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‘Starving us out’: Massive taxi demos block streets in major EU cities (PHOTOS, VIDEOS)

‘Starving us out’: Massive taxi demos block streets in major EU cities (PHOTOS, VIDEOS)
Traffic chaos gripped major cities in Europe on Wednesday as taxi drivers in the UK, France, Spain, Italy, Germany, Belgium, and Portugal staged their biggest protest so far in the battle for their livelihood against taxi hailing apps.

A number of taxi summoning applications – the most popular of which is San Francisco-based Uber – have threatened the jobs of many licensed European taxi drivers, many of whom took to the streets in their cars for the massive demonstration.

Such applications allow users to see the nearest registered cars and hail them directly from their mobile. Licensed taxi drivers say this gives private hire cars an advantage while putting the traditional European taxi model and drivers' jobs at risk.

London tourist hubs blockaded

Up to 12,000 black cabbies and private hire cars jammed traffic near London’s tourist hubs of Trafalgar Square, Whitehall, and Parliament Square from 2 p.m. local time in a protest the taxi drivers started planning weeks ago.

The Metropolitan Police said that “repeated attempts” to contact the organizers of the campaign failed. In an open letter, the security authorities warned the taxi drivers that without official written notification, the protest "could give rise to criminal liability" and lead to arrest.

"Today's demo goes ahead, 2pm T Sq/ Whitehall/P Sq. Comply with all police instructions, do not give up, do not be beaten, just head back!" the Licensed Taxi Drivers Association wrote on Twitter, despite the warning from police.

Posters were earlier placed all over London calling for the strike, with the intention of “failing London” traffic to stress the importance of licensed taxi drivers.

Some mimicked a WWI recruiting campaign featuring military commander Horatio Kitchener.

"They're killing us off, starving us out," Mick Fitz, a London black taxi driver who has been in the business for years, told Reuters.

 London black cab drivers take part in a protest against a new private taxi service 'Uber', a mobile phone app, on the Mall leading to Buckingham Palace in central London on June 11, 2014. (AFP Photo / Carl Court)

"With their taximeter, their apps that they use, their technology, those are taximeters basically, which by law only we are allowed to use," Fitz said, referring to the 1998 British law reserving the right to use a meter for licensed black taxis.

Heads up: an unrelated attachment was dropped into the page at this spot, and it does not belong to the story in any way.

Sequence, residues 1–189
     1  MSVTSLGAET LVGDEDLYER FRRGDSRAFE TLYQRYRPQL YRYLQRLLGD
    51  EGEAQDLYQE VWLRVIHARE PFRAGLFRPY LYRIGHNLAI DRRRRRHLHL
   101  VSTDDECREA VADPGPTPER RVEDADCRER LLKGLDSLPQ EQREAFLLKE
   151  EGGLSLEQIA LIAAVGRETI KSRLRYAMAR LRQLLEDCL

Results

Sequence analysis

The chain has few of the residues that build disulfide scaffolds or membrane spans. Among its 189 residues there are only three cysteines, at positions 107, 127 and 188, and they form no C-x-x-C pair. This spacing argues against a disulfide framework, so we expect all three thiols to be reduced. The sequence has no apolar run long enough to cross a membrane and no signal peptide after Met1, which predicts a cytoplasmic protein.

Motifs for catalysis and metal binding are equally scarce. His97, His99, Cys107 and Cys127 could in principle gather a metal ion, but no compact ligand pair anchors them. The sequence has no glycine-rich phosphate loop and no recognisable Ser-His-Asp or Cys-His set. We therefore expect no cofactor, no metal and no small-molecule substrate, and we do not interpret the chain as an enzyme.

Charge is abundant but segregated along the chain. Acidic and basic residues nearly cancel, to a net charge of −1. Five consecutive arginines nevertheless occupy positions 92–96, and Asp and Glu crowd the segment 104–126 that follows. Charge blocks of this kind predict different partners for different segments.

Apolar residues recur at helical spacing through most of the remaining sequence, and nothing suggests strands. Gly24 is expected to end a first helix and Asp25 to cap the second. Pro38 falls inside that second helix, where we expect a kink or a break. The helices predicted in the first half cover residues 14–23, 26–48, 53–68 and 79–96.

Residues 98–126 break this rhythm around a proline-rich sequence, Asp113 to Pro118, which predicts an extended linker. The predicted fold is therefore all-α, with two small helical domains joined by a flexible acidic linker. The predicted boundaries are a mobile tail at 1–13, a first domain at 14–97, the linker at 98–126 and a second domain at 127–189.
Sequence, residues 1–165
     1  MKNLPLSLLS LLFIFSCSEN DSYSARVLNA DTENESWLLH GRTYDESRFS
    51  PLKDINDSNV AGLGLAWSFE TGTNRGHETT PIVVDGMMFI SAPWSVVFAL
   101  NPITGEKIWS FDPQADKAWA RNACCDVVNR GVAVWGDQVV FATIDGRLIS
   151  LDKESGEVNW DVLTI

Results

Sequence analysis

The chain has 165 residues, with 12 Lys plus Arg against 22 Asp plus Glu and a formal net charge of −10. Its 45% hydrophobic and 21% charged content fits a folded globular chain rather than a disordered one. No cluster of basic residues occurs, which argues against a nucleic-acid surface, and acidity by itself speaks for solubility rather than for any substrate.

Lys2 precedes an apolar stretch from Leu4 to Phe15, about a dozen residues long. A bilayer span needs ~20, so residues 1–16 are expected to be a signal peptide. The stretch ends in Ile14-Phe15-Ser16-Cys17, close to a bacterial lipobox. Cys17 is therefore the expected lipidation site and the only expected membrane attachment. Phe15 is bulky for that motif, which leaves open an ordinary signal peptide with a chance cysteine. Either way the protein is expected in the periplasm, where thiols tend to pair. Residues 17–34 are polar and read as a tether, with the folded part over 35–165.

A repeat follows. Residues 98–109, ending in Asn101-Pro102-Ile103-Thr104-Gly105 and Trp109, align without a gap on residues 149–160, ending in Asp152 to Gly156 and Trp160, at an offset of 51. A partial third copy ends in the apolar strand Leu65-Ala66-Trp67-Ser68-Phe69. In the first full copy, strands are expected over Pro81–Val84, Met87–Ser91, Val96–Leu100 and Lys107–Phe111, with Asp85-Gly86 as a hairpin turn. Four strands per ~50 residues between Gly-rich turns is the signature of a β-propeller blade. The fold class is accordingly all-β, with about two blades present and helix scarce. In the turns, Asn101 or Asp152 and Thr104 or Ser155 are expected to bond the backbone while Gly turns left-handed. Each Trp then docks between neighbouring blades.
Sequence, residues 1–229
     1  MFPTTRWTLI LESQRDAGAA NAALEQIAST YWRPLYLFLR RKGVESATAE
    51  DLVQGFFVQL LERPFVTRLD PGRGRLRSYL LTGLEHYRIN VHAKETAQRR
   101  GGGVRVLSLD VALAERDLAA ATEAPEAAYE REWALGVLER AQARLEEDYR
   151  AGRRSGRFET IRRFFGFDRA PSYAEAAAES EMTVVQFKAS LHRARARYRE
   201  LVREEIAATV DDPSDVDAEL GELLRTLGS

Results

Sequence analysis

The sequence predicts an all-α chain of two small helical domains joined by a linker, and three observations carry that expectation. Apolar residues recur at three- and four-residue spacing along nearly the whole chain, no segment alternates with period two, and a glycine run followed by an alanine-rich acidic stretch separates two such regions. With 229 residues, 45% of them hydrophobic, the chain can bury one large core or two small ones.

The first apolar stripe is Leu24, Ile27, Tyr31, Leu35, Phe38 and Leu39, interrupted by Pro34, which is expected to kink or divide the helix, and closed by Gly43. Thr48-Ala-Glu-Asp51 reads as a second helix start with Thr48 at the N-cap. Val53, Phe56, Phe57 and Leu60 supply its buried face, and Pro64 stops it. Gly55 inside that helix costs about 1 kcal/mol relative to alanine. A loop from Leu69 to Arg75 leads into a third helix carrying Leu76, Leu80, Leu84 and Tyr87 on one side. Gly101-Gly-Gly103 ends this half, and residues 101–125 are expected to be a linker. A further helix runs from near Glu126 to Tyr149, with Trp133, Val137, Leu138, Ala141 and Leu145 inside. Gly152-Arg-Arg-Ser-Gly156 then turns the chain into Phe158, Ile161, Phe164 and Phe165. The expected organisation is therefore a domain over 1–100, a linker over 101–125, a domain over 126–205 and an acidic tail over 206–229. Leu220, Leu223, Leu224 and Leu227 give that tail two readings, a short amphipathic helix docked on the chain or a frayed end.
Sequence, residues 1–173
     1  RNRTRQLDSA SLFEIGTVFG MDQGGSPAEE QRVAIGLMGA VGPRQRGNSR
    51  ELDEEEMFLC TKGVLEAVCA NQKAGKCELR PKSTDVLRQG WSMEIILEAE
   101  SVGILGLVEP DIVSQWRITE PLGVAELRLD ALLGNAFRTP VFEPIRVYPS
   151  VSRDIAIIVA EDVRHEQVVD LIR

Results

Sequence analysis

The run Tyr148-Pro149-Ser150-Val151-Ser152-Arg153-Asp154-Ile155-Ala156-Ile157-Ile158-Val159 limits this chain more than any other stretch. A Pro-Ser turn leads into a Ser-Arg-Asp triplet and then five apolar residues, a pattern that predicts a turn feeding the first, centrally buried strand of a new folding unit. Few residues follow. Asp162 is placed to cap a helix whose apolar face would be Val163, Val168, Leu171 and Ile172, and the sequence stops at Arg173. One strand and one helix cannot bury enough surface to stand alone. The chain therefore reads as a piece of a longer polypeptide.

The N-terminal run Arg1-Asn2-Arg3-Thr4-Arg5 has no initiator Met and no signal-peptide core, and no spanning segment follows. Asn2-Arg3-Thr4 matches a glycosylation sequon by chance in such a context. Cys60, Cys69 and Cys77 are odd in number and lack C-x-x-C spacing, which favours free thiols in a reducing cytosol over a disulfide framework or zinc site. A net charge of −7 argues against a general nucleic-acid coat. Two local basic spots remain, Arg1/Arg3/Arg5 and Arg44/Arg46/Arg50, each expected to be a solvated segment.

In response to the mass demonstration, Uber said that it has seen an 850 percent increase in its users from last Wednesday.

Uber also took advantage of the mass strike, using it to promote its service.

“While the taxi protests may seek to bring Europe to a standstill, we’ll be on hand to get our riders from A to B,” the company said, according to Bloomberg.

"Black cabs have been a symbol of London for many decades, known across the world. But symbols, no matter how iconic, cannot be allowed to stand in the way of innovation," said director general of the Institute of Directors, Simon Walker, as quoted by BBC.

London’s licensed taxi drivers were also joined by their French colleagues.

Taxis block roads in Paris

Across Paris, 55,000 professional taxis and 15,000 cabs went on strike on Wednesday, said Nadine Annet, vice president of the FNAT taxi association in France, as quoted by Bloomberg.

Taxis drivers block highway outside Paris, near Roissy on June 11, 2014, as they take part in a demonstration to protest against the growing number of minicabs, known in France as “Voitures de Tourisme avec Chauffeurs” (VTC). (AFP Photo / Fred Dufour)

She added that the city's taxi drivers jammed traffic on major arteries into the city, with about 1,200 Parisian drivers blocking Charles de Gaulle and Orly airports on Wednesday.

Local TV reported that the A1 highway that circles Paris was halted by a 200-kilometer traffic jam.

German taxi drivers take to the streets

Thousands of German taxi drivers in Berlin, Köln, Frankfurt, and Hamburg also took part in the Wednesday strike. They protested against Uber and similar apps such as Blacklane (a German limousine car service) which they believe create unfair competition.

“It has to be regulated. It has to be fair. It cannot go on like this anymore. We have to pay for all the costs and our licenses. They pay for nothing except their cars and petrol,” 64-year-old Siegfried Liebesgesell from Berlin, a taxi driver for 35 years, told the Local.

Taxi drivers protest on June 11, 2014 in Berlin. (AFP Photo / DPA / Joerg Carstensen / Germany out)

Taxi licenses in Europe can ultimately cost up to 200,000 euros (US$270,000) a piece. There are an estimated 7,000 taxi drivers in Berlin, 2000 of which are self employed, Liebesgesell added.

Madrid strike planned for 24 hours

The Spanish capital and major tourist city of Barcelona held similar demonstrations against carpooling apps on Wednesday. Madrid planned the strike to last 24 hours – from 6 a.m. Wednesday to 6 a.m. Thursday.

The Spanish Ministry of Public Works has warned that companies or individuals offering Uber-type services face fines of up to 6,000 euros ($8115), while users could be fined up to 600 euros ($812).

A taxi preceeds demonstrators holding a banner during a strike action in protest of unliscensed taxi-type-services in Barcelona on June 11, 2014. (AFP Photo / Josep Lago)

Demos against ride-hailing apps were also held in Rome, Lisboa and Brussels.